The most memorable scene from April's protest against the opening of the George W. Bush Presidential Center came when two men wearing comically large Bush/Cheney masks were handcuffed and marched to the back of a squad car. An overreaction, perhaps, but not a huge miscarriage of justice. They had wandered into the Central Expressway service road and didn't immediately obey cops' orders to return to the sidewalk.
Otherwise, police kept their handcuffs and ticket books sheathed, thanks in part to a temporary restraining order issued by U.S. District Judge Jorge Solis barring the city of Dallas from enforceing its ordinance banning people from holding signs within 75 feet of a highway or service road during the Bush Center opening.
In court, the city denied that it had any such plans, but the plaintiffs in the case -- veteran activists Paul Heller, Leslie Harris, Deborah Beltran, Gary Staurd, Diane Baker, and Mavis Belisle -- had good reason to be afraid. Three months before, they had all received citations for holding political signs (e.g. "I ♥ the Bill of Rights" and "I love the First Amendment") at the intersection of Central Expressway and Mockingbird Lane.
But the temporary restraining order was just that -- temporary. It did nothing to address their misdemeanor charges, which the city was continuing to prosecute in municipal court, and it did nothing about the sign-holding ordinance, which the activists claim is an unconstitutional limit on free speech.
With that in mind, Heller and his fellow plaintiffs have again taken the city to court, this time with their ultimate goal stated more explicitly. Rather than just seeking the right to protest at a single event, they're bent on having the entire ordinance overturned.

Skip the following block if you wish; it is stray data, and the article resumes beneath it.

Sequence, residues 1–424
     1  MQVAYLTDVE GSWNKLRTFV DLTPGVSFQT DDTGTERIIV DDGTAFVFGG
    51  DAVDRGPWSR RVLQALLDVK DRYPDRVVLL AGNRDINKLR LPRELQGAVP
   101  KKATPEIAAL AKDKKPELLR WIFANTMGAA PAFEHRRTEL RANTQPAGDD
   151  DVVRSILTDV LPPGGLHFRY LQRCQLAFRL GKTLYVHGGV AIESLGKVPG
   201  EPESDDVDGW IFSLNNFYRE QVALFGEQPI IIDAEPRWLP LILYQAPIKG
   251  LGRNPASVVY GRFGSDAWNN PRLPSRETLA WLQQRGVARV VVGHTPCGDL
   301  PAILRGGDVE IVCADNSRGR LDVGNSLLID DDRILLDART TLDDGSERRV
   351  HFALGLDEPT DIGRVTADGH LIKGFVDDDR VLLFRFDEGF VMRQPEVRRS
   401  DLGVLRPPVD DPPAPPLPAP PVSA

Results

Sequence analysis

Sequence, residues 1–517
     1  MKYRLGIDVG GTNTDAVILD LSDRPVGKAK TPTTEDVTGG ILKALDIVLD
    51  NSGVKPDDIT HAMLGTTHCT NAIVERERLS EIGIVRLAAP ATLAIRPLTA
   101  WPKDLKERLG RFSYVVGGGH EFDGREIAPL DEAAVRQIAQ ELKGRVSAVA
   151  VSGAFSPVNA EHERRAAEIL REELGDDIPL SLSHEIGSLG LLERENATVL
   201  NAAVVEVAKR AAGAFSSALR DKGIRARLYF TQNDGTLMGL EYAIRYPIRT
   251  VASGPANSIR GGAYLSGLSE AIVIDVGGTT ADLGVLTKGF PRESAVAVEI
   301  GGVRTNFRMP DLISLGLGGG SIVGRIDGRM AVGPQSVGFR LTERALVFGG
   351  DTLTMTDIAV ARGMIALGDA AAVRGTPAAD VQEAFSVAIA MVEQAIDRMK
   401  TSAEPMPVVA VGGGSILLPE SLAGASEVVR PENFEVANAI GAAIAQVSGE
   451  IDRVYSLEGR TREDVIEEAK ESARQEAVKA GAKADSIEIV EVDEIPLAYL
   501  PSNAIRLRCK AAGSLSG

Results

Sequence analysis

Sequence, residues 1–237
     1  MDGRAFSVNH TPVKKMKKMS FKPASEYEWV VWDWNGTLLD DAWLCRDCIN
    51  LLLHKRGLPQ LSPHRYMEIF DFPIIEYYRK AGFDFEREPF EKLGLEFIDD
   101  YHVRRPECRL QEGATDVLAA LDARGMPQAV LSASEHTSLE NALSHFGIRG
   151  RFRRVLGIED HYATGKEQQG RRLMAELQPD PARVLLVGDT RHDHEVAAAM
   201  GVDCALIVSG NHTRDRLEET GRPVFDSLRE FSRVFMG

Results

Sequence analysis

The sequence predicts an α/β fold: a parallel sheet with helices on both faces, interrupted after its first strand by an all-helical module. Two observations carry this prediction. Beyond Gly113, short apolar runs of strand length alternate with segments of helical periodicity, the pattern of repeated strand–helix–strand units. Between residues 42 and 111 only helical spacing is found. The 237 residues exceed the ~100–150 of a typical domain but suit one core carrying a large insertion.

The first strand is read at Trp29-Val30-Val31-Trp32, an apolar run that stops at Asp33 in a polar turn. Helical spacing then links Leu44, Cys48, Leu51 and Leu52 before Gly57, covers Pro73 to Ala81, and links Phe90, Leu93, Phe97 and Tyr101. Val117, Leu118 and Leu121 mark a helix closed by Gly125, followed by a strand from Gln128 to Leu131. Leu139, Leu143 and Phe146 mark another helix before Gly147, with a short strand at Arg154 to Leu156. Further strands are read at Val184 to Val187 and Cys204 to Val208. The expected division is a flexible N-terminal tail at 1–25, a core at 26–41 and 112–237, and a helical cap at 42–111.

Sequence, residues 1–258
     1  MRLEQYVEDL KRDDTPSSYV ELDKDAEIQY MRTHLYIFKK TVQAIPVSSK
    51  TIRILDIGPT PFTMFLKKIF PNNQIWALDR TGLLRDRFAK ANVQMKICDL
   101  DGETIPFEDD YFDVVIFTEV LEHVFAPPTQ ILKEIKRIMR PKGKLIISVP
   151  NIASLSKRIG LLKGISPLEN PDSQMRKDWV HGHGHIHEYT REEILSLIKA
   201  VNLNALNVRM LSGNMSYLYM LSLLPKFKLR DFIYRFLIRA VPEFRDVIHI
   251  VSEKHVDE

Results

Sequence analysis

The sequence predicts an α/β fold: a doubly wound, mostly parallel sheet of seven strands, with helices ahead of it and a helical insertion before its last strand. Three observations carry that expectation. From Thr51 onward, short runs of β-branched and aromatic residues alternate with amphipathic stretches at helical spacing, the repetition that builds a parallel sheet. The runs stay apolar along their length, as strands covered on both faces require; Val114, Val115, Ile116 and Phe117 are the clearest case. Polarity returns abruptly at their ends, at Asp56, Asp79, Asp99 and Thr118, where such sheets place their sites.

Their argument is appealingly simple. Holding a political sign on a public sidewalk is the very definition of speech protected by the First Amendment. The city's rationale for passing and enforcing the ordinance -- that such signs constitute a threat to public safety because they distract drivers -- doesn't pass the smell test given that it doesn't apply to billboards, for-lease banners and other signs that litter the highway.
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They're confident that a judge will feel the same way. They point to Solis' restraining order, which came after a day-long evidentiary hearing and found that DPD had failed to demonstrate that it has "some meaningful interest" in more strictly regulating traffic on the Central service road.
They hoped this might have been the outcome of their initial lawsuit, but they say the city's legal shenanigans got in the way. The activists initially filed their suit in state court, only to have the city succeed in having it removed to the federal level. Then, after the restraining order was issued, the city decided to go along with the activists and kick it back down to state court. Once there the city's attorneys moved to have it dismissed for lack of jurisdiction.
The activists withdrew their state court case on Tuesday. Federal court, they say in their suit, offers a better "forum to fully ventilate their First Amendment challenges"
We spoke briefly to Heller, who referred questions about the case to Meg Penrose, a Texas A&M law school professor and one of the attorneys representing the six activists. We've emailed her and will update when we hear back.